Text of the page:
Iraq probing abuses against Daesh captives as torture videos surface

Rights abuses meted out by Iraqi forces to Daesh prisoners in Mosul are being investigated, officials say. Many videos have emerged that appear to show Iraqi soldiers and federal police beating and extra-judicially killing detainees.

Photo by: Reuters
Photo by: Reuters

Still image taken from a video shows Daesh militants surrendering in the Old City of Mosul.

Iraq is investigating allegations of torture and rights abuses meted out by Iraqi security forces to Daesh prisoners in Mosul, two Iraqi officials said at the Pentagon on Thursday.

A video released online shows men in Iraqi military uniforms beating a bearded detainee, then drag him to the edge of a cliff, throw him off and shoot him and another body at the bottom.

Brigadier General Yahya Rasool, the spokesman for Iraq's Joint Operations Command, said anyone committing rights abuses would be held accountable.

Doctored videos?

He also suggested the videos may be faked and circulated to distract from the recent victory over Daesh in Mosul. 

"Don't forget that there are those that would like to reduce the joy and the comfort we have from this victory," Rasool said at an unusual briefing in the Pentagon. 

"Maybe these videos are being fabricated and quite frankly we will look into this matter very carefully and we will hold anybody who committed that act severely."

Interior Ministry spokesman Brigadier General Saad Maan said that a number of personnel had been suspended. 

"There might be some misbehaviour or inappropriate conduct by some of the forces, yes. But the investigation is going on," Maan said.

Iraq declared victory over Daesh in Mosul this week after a nearly nine-month battle that ravaged the city and took a heavy toll on residents and security forces.

US military spokesman Colonel Ryan Dillon (L) speaks as Iraqi security forces spokesmen (L-R) Brigadier General Yahya Rasool, Brigadier General Halgwrd Hikman Ali and Brigadier General Saad Maan look on during a press conference in the US. (AFP)

HRW seeks probe on "extrajudicial killings"

Human Rights Watch (HRW) earlier Thursday called on Iraqi Prime Minister Haider al Abadi to launch investigations of any abuses.

Videos allegedly shot in the Mosul area appear to show Iraqi security personnel executing a detainee and brutally beating others, HRW said.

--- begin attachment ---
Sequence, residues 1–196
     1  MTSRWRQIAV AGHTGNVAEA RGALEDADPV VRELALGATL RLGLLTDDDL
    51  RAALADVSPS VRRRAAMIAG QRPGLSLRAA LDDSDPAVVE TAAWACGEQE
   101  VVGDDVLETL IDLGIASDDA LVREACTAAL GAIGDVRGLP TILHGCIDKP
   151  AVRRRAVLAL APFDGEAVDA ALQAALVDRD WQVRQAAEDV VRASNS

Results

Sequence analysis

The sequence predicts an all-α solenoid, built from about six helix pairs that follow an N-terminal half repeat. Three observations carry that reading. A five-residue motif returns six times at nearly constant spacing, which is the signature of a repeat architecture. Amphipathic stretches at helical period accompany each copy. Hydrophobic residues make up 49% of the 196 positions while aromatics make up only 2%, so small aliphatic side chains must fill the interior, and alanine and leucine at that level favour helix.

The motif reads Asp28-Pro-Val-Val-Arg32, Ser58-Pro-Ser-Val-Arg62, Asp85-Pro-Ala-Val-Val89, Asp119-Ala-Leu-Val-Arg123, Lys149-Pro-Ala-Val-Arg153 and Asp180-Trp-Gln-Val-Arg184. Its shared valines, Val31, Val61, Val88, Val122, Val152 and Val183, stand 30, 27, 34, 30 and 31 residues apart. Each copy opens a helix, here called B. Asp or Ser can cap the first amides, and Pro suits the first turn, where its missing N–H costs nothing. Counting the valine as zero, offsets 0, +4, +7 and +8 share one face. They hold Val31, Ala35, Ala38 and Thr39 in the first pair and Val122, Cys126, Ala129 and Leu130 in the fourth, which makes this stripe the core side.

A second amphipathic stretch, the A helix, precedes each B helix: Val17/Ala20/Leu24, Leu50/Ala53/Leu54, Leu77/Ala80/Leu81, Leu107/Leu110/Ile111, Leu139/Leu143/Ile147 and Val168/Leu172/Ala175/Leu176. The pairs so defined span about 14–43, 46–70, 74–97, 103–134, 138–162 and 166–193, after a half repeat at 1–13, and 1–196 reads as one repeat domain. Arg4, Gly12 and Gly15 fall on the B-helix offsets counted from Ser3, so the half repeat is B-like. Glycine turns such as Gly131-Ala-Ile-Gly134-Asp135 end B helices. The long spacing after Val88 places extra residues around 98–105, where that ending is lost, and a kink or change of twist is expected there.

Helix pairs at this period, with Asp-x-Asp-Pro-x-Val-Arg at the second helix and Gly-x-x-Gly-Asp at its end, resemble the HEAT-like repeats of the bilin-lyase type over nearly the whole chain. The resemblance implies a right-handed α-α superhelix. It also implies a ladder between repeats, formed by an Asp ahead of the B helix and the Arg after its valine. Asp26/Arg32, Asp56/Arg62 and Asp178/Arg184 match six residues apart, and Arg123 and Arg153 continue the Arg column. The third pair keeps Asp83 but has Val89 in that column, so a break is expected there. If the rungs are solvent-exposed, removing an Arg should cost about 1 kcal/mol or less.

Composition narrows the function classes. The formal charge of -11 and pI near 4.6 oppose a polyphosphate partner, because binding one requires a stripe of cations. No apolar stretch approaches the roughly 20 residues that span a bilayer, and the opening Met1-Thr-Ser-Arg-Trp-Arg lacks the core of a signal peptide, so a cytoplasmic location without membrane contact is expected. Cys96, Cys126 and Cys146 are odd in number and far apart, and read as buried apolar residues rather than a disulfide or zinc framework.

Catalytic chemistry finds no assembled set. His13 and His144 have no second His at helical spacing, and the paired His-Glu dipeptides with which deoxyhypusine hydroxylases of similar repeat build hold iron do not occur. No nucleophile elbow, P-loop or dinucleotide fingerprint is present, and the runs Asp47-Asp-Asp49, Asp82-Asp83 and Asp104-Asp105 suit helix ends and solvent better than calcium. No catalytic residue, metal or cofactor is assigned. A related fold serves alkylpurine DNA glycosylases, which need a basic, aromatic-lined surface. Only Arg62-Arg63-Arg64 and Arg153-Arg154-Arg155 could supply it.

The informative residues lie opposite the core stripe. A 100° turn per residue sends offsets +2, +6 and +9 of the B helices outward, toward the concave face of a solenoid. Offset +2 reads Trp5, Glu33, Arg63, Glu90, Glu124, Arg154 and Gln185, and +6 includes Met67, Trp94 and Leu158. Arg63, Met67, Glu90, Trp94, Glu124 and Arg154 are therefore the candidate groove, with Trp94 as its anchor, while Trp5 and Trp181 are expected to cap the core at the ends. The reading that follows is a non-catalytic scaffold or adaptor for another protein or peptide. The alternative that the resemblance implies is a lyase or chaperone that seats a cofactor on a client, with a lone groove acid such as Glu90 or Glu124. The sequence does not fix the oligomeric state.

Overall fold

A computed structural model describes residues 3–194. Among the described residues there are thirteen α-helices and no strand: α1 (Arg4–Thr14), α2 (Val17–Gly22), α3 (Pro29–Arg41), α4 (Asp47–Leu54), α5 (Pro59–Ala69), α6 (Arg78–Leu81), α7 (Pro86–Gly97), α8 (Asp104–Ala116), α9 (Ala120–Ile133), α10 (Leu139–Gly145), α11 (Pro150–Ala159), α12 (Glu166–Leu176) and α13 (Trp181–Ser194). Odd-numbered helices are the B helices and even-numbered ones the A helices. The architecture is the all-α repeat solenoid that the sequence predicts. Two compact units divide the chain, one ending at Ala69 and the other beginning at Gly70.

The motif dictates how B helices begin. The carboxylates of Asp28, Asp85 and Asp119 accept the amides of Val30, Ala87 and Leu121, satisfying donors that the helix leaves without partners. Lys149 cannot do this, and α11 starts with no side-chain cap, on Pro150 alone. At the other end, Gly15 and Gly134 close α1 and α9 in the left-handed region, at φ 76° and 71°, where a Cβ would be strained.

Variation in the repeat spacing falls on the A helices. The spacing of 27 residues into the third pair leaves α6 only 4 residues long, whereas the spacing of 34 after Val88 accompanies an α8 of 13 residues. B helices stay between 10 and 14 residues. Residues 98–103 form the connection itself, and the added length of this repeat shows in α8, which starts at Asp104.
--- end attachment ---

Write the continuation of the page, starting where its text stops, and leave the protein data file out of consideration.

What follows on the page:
The videos "appear to show Iraqi soldiers and federal police beating and extrajudicially killing detainees," the rights group said in a statement that included links to the clips, which were posted on Facebook.

On Thursday, HRW urged Iraqi authorities not to punish entire families of Daesh militants "because of their relatives' actions" and that the abusive acts amount to "war crimes"

Sunni anger over abuses

Widespread anger among Iraqi Sunni Arabs - over issues including abuses by security forces - helped aid Daesh resurgence which culminated in the 2014 offensive in which Daesh seized Mosul. 

The Iraqi officials also addressed recent criticisms that security forces - as well as the US-led coalition - had failed to do enough to protect civilians during the brutal Mosul offensive.

Rasool said all blame should lie with Daesh, which fought among a civilian population and routinely used human shields and suicide bombers.

"This organisation was the main reason [that] significantly [caused] casualties among civilians," he said.

A member of the Iraqi forces patrols a street in west Mosul, a few days after the government's announcement of the "liberation" of the embattled city from Daesh (AFP)

Forces tortured and raped?

"In the final weeks of the battle for west Mosul, I observed first-hand the desire of armed forces to get the battle wrapped up as quickly as possible," HRW's senior Iraq researcher Belkis Wille said.

This was accompanied by "what seems to be a resulting decline in their respect for the laws of war," she said.

An Iraqi journalist embedded with the Rapid Response Division earlier in the operation reported that members of the special forces unit carried out torture, rapes, and killings.

The journalist, who has since left Iraq, documented some of the abuses on film.